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Article published Apr 12, 2005

Local Scouting groups take steps in face of ACLU threat

Richard Burgess

The fear of lawsuits from the American Civil Liberties Union has prompted the Boy Scouts of America to advise all pubic institutions to stop sponsoring Scouting groups, a move that could affect at least 32 local Cub Scout packs and three Boy Scout troops that are now chartered by public schools or law enforcement agencies.

Scouts may still meet at schools and police stations, but to avoid potential litigation from the ACLU, formal sponsorship of the Scouting groups is expected to be transferred to a private organization, such as a Kiwanis Club, a church or a parent group, said Jim Rees, scout executive for the Boy Scouts of America Evangeline Area Council.

The ACLU has argued that government sponsorship of Scouting groups violates the constitutional guarantee of religious liberty because Scouts swear an oath of "duty to God."

"I think they need to find something else to do besides pick on the Boy Scouts," said Jay Leger, principal of Dodson Elementary School in New Iberia, which sponsors Cub Scout Pack 335 and Boy Scout Troop 17.

Leger, who went through the Scouting program as a kid and now helps oversee this area's Eagle Scout program, said that his school has sponsored Scouting groups for at least 30 years.

"This is just a game the ACLU is playing," Leger said.

"The Scouts will still meet at our school, but someone else has to sponsor them. We're looking around and we will probably go with our parent group."

Rees said the local Evangeline Scout council received a directive from the national Boy Scout office last month to transfer formal sponsorship from public to private groups.

He said at least 32 Scouting units in Acadiana - mostly Lafayette and New Iberia - are sponsored by public schools and three by law enforcement agencies.

Arrangements are now being made to transfer those charters to private groups, Rees said.

The move comes after the Pentagon agreed in November to cease the sponsorship of hundreds of Scouting groups by military facilities after the ACLU filed a lawsuit over the issue. This month, the ACLU of Illinois threatened litigation against other public institutions that sponsor Scouting groups.

"If they (public institutions) want to maintain the charters, that is their right," Rees said. "But we are taking the ACLU seriously, and we don't want them to experience harassment from the ACLU."

Louisiana ACLU Director Joe Cook said the state ACLU affiliate has no plans to take action on the issue here, but he did not rule out future litigation.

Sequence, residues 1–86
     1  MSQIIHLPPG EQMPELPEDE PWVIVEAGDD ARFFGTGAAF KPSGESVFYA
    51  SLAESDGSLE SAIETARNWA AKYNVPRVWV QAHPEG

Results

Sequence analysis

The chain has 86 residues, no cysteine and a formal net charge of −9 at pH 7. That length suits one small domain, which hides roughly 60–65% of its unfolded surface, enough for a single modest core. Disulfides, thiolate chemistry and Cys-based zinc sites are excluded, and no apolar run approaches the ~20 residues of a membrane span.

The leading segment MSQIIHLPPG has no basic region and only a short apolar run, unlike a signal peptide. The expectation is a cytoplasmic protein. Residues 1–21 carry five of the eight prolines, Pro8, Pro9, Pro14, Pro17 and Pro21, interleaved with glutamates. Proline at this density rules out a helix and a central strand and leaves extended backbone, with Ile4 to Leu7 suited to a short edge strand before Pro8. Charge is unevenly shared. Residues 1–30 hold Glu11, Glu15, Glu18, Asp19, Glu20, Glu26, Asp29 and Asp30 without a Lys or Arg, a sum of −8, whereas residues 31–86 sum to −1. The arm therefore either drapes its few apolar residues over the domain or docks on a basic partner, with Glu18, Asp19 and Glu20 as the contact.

"We should hope they get the message and stop discriminating on the basis of religion," Cook said. "... It looks like the leaders of the Boy Scouts need to earn their merit badges in tolerance and diversity. Those
are good moral values."

Bill Melancon, a Lafayette businessman who leads Cub Scout Pack 427 at Plantation Elementary in Lafayette, worries that shifting sponsorship of his group to a private organization might keep away some potential Scouts.

He said the sponsorship of a public school offers parents a feeling of security.

Melancon, an Eagle Scout in his youth whose children are now in scouting, also cannot fathom what problems anyone could have against an organization he credits with building strong values in youth.

He recited, from memory, the Scout Law, the oft-repeated list of everything a Scout is to be - trustworthy, loyal, helpful, friendly, courteous, kind, obedient, cheerful, thrifty, brave, clean and reverent.

"How could anyone have a problem with those values?" he said.

Cook, who said he generally supports the overall mission of the Boy Scouts, said he would prefer the Boy Scouts organization do away with its religious oath rather than transfer sponsorship to private groups.

That's unlikely to happen, Rees said.

"In Acadiana, this is a fairly conservative area, and a lot of people are truly aggravated with the ACLU," he said.

The Evangeline Area Council is made up of 244 Scouting units, including Cub Scouts, Boy Scouts and Venture Scouts.

Most of those units are already sponsored by private groups.

Rees said he expects the other Scout charters to be transferred to private groups within the next 8 months.




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